XENON group at the University of Zurich

The XENON program

XENON is a direct dark matter detection experiment using liquid xenon as the detector medium. The goal is to detect the small charge and light signal after a dark matter particle interacts with a xenon nucleus in a liquid-gas two-phase time projection chamber (TPC): The prompt light signal (S1) is detected with two array of photomultipliers. The ionization electrons are separated from the Xe ions and drifted upwards by a strong electric field. A second electric field extracts the charges from the liquid into the gas phase where they generate secondary scintillation light (S2) which is proportional to the charge signal. The secondary signal -- delayed to the S1 by the electron drift time -- is detected with the same two photodetector arrays.

The TPC design allows the precise 3-dimensional reconstruction of the interaction vertex which can be used to reduce the background contamination by fiducial volume cuts. Furthermore, the ratio S2/S1 has a different value for electron recoils (background) and nuclear recoils (signal) and can be used for background discrimination.

The first module -- XENON10 -- has been successfully operated in dark matter mode at the Gran Sasso Underground Laboratory (LNGS) until 2007 leading to some of the best limits on WIMP dark matter so far.
The second module -- XENON100 -- is currently taking calibration data at LNGS in order to optimize the detector response. An upgrade to the current effort with a target mass of 1 ton -- XENON1T -- is already funded and in the planning phase.


The scientific goal of the XENON100 experiment is to reach a WIMP sensitivity that it one order of magnitude better than its predecessor XENON10. This is achieved by an increase in target mass by one order of magnitude to 65 kg. At the same time, the gamma background is reduced by a factor 100. This was achieved by a careful selection of all detector materials for radiopurity and by an improved detector design.

In order to reduce the background even further, the target volume is completely surrounded by a layer of liquid xenon. This passive shield utilizes the excellent self shielding capabilities of xenon. Making the shield active by instrumenting it with PMTs, decreased the background even more.

The pictures show the XENON100 detector with some members of the UZH group during its installation, the top and bottom PMT arrays, as well as the closed detector in its shield:

Our group is involved in PMT testing, calibration and operations at LNGS, in the construction of various detector and shield hardware components, in material screening with a high-purity Ge spectrometer, in data processing and analysis, in Monte Carlo simulations of the expected gamma, alpha, and neutron backgrounds, in the WIMP analysis for spin-dependent and spin-independent interactions, as well as in the design, construction and Monte Carlo simulations for the next phase. We are leading the collaboration wide Monte Carlo Working Group.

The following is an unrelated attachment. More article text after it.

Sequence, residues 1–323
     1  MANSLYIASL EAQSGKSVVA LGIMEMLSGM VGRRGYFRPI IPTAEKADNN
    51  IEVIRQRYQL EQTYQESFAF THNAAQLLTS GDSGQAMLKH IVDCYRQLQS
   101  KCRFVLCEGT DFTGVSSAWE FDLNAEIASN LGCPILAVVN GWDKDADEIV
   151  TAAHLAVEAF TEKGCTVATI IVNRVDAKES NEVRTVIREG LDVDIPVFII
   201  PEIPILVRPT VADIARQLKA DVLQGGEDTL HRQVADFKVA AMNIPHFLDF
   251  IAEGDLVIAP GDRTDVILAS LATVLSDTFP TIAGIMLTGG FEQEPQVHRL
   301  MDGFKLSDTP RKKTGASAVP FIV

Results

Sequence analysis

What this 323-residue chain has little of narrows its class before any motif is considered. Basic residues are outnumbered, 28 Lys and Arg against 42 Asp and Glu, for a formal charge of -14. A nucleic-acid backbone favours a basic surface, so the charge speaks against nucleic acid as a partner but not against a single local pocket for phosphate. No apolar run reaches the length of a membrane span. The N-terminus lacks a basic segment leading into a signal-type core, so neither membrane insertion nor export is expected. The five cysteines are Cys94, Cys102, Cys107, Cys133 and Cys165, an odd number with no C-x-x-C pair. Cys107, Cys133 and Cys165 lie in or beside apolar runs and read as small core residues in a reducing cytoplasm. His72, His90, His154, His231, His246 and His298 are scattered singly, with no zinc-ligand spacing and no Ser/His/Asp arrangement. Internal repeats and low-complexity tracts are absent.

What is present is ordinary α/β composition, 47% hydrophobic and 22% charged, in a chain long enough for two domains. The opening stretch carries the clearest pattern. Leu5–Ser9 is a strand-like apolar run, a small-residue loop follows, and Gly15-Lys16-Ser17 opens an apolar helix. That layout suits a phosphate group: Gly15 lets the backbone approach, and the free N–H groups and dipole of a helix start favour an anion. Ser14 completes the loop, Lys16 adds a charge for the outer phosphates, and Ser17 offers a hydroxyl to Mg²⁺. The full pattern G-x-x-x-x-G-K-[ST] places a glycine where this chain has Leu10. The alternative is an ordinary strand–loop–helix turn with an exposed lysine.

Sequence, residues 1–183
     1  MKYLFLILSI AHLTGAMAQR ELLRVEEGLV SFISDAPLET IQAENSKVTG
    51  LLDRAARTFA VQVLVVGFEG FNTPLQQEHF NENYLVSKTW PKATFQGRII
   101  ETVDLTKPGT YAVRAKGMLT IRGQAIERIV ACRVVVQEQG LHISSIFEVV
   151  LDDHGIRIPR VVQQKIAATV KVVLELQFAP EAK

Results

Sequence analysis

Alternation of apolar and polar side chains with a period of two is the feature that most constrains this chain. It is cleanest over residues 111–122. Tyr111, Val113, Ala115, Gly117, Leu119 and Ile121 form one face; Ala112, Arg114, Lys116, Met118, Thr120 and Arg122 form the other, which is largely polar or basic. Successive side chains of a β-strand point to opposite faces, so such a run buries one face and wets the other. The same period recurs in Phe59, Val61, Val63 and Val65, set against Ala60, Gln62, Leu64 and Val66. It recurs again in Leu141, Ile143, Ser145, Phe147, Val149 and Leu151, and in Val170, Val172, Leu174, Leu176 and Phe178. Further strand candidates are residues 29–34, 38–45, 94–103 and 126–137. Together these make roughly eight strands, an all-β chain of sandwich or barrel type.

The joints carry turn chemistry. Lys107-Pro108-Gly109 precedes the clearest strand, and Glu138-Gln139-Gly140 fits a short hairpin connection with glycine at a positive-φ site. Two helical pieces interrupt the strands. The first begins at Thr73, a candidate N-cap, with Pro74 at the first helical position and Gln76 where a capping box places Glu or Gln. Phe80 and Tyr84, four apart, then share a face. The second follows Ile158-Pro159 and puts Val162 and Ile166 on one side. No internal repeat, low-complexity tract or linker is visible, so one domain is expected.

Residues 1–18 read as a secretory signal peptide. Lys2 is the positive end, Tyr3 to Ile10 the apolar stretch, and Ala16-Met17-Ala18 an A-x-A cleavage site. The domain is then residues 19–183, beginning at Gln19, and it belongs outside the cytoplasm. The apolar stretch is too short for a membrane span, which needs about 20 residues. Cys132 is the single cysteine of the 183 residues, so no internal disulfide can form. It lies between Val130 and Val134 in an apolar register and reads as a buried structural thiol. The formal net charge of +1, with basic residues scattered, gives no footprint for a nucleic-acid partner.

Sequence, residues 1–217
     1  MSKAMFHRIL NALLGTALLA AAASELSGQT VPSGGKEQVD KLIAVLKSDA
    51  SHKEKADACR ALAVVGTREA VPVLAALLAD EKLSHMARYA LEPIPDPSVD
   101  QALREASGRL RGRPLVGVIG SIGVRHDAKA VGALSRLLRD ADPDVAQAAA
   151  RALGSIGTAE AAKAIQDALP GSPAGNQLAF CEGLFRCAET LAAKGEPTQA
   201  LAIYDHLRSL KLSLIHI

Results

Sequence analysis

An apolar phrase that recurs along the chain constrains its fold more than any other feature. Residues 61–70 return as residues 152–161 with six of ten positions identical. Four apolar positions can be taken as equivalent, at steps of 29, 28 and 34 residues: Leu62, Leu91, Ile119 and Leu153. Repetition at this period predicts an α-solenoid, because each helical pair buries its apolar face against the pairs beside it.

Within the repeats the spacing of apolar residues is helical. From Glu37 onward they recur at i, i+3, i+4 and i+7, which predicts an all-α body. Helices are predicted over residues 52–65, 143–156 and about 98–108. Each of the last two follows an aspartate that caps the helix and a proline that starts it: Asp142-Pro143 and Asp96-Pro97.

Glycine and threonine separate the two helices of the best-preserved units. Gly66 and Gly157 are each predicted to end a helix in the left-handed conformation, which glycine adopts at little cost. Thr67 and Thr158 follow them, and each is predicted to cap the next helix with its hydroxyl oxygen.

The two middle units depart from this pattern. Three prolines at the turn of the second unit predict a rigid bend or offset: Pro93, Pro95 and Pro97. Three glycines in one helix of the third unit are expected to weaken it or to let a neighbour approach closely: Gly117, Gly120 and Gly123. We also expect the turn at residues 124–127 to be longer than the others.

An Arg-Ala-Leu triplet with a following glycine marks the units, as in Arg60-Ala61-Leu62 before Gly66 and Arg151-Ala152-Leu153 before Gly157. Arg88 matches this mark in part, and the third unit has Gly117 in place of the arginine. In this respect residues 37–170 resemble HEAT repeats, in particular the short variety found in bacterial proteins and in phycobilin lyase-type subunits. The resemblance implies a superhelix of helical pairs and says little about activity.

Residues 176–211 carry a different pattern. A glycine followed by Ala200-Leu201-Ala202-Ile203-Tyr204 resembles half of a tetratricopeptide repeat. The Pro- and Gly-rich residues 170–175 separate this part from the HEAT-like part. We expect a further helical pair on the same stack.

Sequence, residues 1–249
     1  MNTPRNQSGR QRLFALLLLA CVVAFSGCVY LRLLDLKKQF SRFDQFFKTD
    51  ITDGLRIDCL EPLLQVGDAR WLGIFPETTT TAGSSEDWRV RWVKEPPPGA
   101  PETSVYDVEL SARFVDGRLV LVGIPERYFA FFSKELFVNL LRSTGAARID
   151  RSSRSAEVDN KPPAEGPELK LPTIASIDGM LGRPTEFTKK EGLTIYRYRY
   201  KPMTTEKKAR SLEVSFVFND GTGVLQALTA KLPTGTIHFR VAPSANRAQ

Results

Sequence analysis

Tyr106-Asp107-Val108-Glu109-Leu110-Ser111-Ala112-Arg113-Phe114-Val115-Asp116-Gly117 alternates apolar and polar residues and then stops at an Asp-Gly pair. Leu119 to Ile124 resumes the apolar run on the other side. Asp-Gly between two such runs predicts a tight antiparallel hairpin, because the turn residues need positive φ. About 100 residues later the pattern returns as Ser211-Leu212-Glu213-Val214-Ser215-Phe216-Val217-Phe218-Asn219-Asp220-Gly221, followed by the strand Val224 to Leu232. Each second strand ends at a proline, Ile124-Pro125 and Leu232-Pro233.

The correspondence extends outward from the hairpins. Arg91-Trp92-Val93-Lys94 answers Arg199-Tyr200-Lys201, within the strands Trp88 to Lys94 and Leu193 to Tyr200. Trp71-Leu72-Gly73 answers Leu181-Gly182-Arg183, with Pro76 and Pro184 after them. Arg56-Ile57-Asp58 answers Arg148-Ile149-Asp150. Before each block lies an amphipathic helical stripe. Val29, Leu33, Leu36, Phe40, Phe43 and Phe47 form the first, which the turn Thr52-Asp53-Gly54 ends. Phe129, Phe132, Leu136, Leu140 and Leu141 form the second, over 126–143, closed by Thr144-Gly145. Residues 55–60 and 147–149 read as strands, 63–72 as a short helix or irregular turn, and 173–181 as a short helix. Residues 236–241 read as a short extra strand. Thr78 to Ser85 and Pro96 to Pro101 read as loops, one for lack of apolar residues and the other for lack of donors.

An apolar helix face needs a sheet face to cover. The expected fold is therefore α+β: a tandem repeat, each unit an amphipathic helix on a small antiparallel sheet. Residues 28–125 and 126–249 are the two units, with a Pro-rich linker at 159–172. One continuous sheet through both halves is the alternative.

We are conducting Geant4 Monte Carlo simulation to predict the XENON100/XENON10 internal and external backgrounds at LNGS, as well as gamma calibration source simulations. Pictures of the XENON100 and XENON10 geometries are shown on the left.


XENON10 and Lab Activities

The picture shows the XENON10 detector in its low-background shield. Note the difference to XENON100, for which the cables, feed-throughs and cryo-cooler have been moved outside the shield.

XENON10 in shield.

XENON10 limits.

First results on spin-independent WIMP-nucleon interactions have been published in 2008 (Phys. Rev. Lett. 100, 2008). No dark matter candidates have been detected, and the sensitivity to WIMP-nucleon cross sections extends to about 4x10-8pb (4x10-44cm2) at a WIMP mass of 30 GeV/c2. The figure shows the excluded region in the WIMP cross section-WIMP mass parameter space (region above the red curve), along with the CDMS-II 2005 results (blue curve), and predictions from the constrained MSSM (filled regions).
Limits for spin-dependent WIMP nucleon interactions have also been published (Phys. Rev. Lett. 101, 2008).

To measure the ionization and scintillation yield of nuclear recoils at low energies, and to study and develop important processes necessary for future big LXe detectors, we have built a small dual-phase xenon chamber that is operated at our lab in Zurich. The picture shows the inner chamber, made of teflon and stainless steel grids. We are also constructing a new lab with a neutron generator in order to make measurements with nuclear recoils of a well defined energy.

Gator: low level counting

Our group operates a 2 kg high-purity germanium (HPGe) spectrometer in a low background environment underground at LNGS.It is used to screen all XENON detector and shield components for their U/Th/K/Co content. The results were used to construct a full background model of XENON10, XENON100, and are guiding the construction of the next phase, XENON1T. The pictures show the HPGe detector during its installation, as well as the final setup.
Gator during installation.

Gator in shield.

XENON in the news